The Breakfast Club (1985)

I just went upstairs to do my laundry, and before I knew it, I had watched “The Breakfast Club” from beginning to end.

I’ve seen it a number of times and perhaps did not glean anything new or radical from this viewing, but it remains a smart, infectious and frankly spellbinding film.

John Hughes’s classic is in my mind still the finest movie ever made in examining the way teenagers think, act, react, lash out, lie, communicate, argue, love and live.

“The Breakfast Club” is 27 years old, and it has not even begun to date itself. If there were to be a remake, it would be wise to update the story with GLBT discussion, social media and smart phone communication, hipsters and douchebags, racial diversity and attentiveness to how wired the youth generation is. What would get those five people talking if all of them had iPod, cell phone and internet access? It would also have to star Jesse Eisenberg or Michael Cera (Brian), Josh Hutcherson (Andrew), Elle Fanning (Claire), Chloe Moretz or Aubrey Plaza (Allison) and, well, I really can’t say who would take Judd Nelson’s part, so maybe some shining newcomer, but I digress.

But truthfully, this film doesn’t feel a day old. The character types in “The Breakfast Club” are broadly enough drawn that they still feel relatable today. They’re types, but not stereotypes, and the beauty of the film is in how it offers depth to all five of them, favoring Bender as a mysterious thug type early on but expanding to observe the inner conflict in them all.

Hughes never makes an outright point about teenagers, as they’re no more capable of understanding life than he or his audience is. But he does tell us that there is complexity, rebellion, pain and humor in us all, and with a little hard pressed honesty, we can see it. At the end of the day, we’ll do the same as Dean Vernon (Paul Gleason) will do after he reads Brian’s paper, and interpret these characters any way we want to.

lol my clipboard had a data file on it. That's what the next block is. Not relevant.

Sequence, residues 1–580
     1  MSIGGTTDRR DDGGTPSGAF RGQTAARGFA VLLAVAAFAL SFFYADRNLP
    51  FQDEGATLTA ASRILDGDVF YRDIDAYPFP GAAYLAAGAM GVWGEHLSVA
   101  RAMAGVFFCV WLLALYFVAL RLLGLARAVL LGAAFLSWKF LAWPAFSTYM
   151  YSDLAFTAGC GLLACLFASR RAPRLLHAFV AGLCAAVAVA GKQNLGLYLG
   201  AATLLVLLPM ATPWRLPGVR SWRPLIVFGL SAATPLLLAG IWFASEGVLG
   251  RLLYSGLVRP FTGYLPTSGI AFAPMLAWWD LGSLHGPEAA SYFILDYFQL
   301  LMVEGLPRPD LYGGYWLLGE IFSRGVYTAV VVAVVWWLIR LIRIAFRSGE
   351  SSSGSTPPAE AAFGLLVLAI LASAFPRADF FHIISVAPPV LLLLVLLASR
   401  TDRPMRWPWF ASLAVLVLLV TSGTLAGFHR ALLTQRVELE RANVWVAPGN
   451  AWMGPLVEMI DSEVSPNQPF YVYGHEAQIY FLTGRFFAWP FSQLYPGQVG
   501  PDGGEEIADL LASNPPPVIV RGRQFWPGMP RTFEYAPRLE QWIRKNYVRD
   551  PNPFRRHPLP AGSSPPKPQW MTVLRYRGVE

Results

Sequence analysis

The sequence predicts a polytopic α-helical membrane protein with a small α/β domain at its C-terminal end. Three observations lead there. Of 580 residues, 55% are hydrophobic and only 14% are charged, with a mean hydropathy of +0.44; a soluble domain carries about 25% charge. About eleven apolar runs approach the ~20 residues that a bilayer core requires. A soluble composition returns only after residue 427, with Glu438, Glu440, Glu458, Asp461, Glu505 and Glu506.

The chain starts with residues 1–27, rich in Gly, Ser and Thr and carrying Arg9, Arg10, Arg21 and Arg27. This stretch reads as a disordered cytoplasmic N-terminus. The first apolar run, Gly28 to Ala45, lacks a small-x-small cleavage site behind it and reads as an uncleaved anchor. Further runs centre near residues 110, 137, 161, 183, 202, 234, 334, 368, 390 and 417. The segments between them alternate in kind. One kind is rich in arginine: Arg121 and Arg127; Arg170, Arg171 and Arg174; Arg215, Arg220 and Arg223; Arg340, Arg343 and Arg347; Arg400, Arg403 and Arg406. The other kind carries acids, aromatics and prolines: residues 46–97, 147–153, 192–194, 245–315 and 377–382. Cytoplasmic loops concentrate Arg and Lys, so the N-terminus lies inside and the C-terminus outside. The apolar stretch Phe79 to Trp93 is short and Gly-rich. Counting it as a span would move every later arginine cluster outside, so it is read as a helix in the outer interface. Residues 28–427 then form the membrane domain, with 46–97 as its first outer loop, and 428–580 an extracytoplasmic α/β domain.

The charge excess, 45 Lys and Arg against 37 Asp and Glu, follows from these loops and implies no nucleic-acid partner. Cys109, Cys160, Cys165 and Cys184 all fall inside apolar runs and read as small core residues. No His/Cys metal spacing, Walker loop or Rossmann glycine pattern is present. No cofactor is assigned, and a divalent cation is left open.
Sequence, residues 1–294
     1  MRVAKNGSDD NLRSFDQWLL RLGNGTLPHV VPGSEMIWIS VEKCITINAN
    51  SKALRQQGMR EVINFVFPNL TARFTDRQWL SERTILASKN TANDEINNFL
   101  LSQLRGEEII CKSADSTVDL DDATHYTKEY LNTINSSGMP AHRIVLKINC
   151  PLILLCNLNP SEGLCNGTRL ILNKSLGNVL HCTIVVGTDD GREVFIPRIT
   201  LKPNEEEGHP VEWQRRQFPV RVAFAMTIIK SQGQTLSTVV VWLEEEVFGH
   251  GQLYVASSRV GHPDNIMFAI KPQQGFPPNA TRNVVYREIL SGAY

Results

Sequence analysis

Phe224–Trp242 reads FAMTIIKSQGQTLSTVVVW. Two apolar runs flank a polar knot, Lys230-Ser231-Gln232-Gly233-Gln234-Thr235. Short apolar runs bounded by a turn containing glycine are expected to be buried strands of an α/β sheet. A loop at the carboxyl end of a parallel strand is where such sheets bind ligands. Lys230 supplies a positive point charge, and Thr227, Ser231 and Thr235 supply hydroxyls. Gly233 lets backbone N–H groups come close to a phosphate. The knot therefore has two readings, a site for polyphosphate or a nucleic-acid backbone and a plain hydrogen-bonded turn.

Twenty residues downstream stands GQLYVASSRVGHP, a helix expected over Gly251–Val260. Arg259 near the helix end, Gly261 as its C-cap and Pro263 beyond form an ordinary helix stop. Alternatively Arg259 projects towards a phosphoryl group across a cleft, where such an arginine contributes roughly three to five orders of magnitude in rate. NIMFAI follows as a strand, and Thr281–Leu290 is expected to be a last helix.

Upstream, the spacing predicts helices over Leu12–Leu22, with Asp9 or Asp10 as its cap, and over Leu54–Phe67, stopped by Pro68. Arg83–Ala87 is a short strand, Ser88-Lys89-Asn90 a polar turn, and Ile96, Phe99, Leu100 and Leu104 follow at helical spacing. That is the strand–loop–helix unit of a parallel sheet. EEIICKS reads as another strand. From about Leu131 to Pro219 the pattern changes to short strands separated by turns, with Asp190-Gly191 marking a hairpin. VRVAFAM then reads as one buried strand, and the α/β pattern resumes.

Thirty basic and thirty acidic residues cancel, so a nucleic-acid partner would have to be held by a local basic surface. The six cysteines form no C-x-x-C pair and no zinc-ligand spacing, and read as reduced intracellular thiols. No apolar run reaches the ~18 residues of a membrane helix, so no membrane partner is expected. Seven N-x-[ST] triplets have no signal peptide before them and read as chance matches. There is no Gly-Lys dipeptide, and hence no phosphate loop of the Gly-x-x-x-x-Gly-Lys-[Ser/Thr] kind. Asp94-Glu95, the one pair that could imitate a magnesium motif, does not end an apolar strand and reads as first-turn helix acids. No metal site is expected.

I’m realizing now that “The Breakfast Club” is more of a cult favorite than it is a critical darling. It was the pinnacle film of the brat-pack era, and critics weren’t overly receptive to it. They saw Hughes’s ploy of putting all his characters into one room and forcing them to talk out their differences to be little more than a plot device. They saw it as a rehash of countless one-act plays on stage, and they would be right. How many movies today would even dare to do something so simple?

Considering that, “The Breakfast Club” could be a perfect fit on stage, but Hughes’s camera has so many lovely close-ups and shots isolating these figures in an artful tableaux that it belongs on screen. The movie’s first montage as they sit bored and fiddle with pencils, hoodie strings and more is as telling about teens as the unbelievably powerful powwow scene.

But consider also how much better the powwow scene is than it would be to send these characters back into the open world of high school. “The Breakfast Club” does not have a single one-dimensional character, not even Dean Vernon or Carl the janitor (John Kapelos). That would change if this had a conventional narrative, and suddenly their realizations could seem hackneyed and phony when stereotyping other high school students. Hughes’s screenplay is one of the rare examples in which it is preferable that he tell us about the characters rather than show us.

If I got sucked into the film, it’s because it’s also hilarious. Judd Nelson is pretty much the star here, but Anthony Michael Hall and Ally Sheedy get some great laughs too. Molly Ringwald and Emilio Estevez are the bigger heart of the story and aren’t as laugh out loud funny, but you couldn’t have this film without them.

I’ve pretty much said my piece on “The Breakfast Club.” It’s something of a masterpiece, and I don’t just mean that in a teen movie context.

I think if I had to choose a character I most closely identify with though, it would have to be Brian, for obvious, ironic reasons. This however rubs me the wrong way, because never have I seen a Hollywood movie where the good-looking, romantic lead is named Brian. Even in “The Breakfast Club,” Brian is the nerd in Physics and Math Club, does not get paired off with one of the girls and still ends up writing the entire paper. “Are your parents aware of this?”